More Dr. Seuss Books Coming Your Way



Growing up, I always loved to read and write. I knew at a young age that I would strive to work in the English field. And here I am…still striving. As an English Writing Arts major at Plattsburgh State I find that I am always asked the same question: what made you want to be a writer?

I have noticed that for some of my peers this is a difficult one for them to answer. However, I know exactly what made me want to write: reading books by Theodor Suess Geisel. You know, Dr. Seuss! I thank my father for my love of Dr. Seuss. He began reading Dr. Seuss’s books to me at just two years old. To this day, he can recite any Dr. Seuss book out there.

I was an avid reader as a child but I never knew language could be played with in such a way. Dr. Seuss created his own words and the most fascinating rhymes. I found myself enticed by his style and I wanted nothing more than to write a book like one of his in the future.

As I was browsing the internet not too long ago, I read a few articles about new books that would be released by Dr. Seuss this year. As you all can imagine, I was ecstatic. I called my father right away and told him there would be new books for him to memorize.

It turns out, some manuscripts by Dr. Seuss were found back in 2013. Random House announced that it will be publishing four new Dr. Seuss books. The first of these four will be released on July 28, 2015. It will be called What Pet Should I Get? It also happens to tie in with another one of Dr. Seuss’s books we cannot forget, One Fish Two Fish Red Fish Blue Fish, featuring the same brother and sister!

So, what do you all think? Are you excited to see what these new Dr. Seuss books will bring? Or, maybe Dr. Seuss was never really your thing at all. I know that I will be first on line at my local bookstore! I may not want to specifically write children’s books anymore but I still believe I owe it to Dr. Seuss for sparking my imagination. I will continue to support him.

-Nicolette Marshall

Nicolette Marshall is a senior and the Poetry editor for ZPlatt. She hopes to one day be able to recite every single Dr. Seuss book just like her father one day.

Art and the Academy Awards


While watching the Academy Awards it’s easy to get wrapped up solely in the entertainment of the night. Who is wearing what? Who is talking to whom? He’s looking old. Her dress is unflattering, so on and so forth. It’s not a bad thing to look at art as a means of entertainment. Art (in this case we are talking about art in the form of acting, directing, scoring, essentially the art of film) is without a doubt entertaining, but that just begins to explain what art truly is, and what art does for us.

In general we respect those with the talent to intrigue us, to make us feel something just by watching or listening. Art is expression. We have all heard that a thousand times before, but it’s the truth. Art provides a platform from which to express something, to say something that (we feel) needs to be said.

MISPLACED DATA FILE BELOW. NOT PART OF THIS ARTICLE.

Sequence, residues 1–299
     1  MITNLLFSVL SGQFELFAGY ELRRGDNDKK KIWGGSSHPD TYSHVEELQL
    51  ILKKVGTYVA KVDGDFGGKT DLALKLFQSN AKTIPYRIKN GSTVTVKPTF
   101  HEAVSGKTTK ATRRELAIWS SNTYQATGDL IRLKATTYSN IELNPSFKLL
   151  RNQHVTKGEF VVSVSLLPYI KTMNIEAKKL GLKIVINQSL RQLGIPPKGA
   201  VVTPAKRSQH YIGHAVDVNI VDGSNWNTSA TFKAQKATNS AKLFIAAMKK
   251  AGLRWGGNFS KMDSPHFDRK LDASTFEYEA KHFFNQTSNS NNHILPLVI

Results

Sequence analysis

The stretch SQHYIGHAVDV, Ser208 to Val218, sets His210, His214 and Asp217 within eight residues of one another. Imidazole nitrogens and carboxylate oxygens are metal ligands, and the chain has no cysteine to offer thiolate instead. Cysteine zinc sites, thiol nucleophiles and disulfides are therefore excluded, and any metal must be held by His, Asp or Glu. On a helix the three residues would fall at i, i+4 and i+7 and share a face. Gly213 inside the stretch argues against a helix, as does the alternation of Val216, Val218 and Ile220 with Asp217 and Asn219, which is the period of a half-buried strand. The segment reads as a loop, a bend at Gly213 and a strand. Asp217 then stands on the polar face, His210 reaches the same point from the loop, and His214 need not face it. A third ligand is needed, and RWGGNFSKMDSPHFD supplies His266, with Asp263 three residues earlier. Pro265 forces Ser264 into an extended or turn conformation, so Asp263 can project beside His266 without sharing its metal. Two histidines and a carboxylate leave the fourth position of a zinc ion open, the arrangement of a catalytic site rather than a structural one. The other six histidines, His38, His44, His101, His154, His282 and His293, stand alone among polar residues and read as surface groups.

For most of us, the Oscars are a night of entertainment. Filled with winning, losing, and the typical hear-it-every-year acceptance speeches. However, many of this year’s speeches broke out of that routine. They used this platform as a means to express directly, to confront the problems we see around us everyday. With these speeches “art” took a leap forward. It crossed boundaries.

Whether you look at Patricia Arquette’s speech on wage equality for women, John Legend’s speech on the continued struggle for civil rights, Alexandro G. Iñárritu’s focus on immigration, and even J.K. Simmons’ talk about family and parents, you can see firsthand how art has stirred the emotions of not only the Dolby theater, but of millions of viewers worldwide.

Art is powerful. And it especially holds power in today’s society, where young adults follow news reports on entertainment to a larger extent than news on politics. So when those people, those entertainers, use their art to advocate for much-needed social change, then art is making a difference. It is doing what it is meant to do. I also don’t mean to limit art in this case; any art form can have an impact. Literary art, visual art, music, dance, film, it all matters.

Yes, art is expression. And that expression can lead to progress, but this is just my view. This is my more than entertainment insight on the Academy Awards. What matters though, is what that art means to you, how it strikes a chord in you, how it makes a difference.

-Matthew Young

New York State Summer Writers Institute


Want to get into writing over the summer?  SUNY Albany is holding its 29th annual summer writing program from June 29th to July 24th.  If you enjoy writing fiction, nonfiction, or poetry, this is a great opportunity for you!  The workshops will be held at Skidmore College in Saratoga Springs, New York.  There is no deadline for non-scholarship applications; however, if you would like to apply for a scholarship, faculty nominations must be sent before February 25th and the applications must be submitted by March 16th.  If you are interested in learning more, check out the website: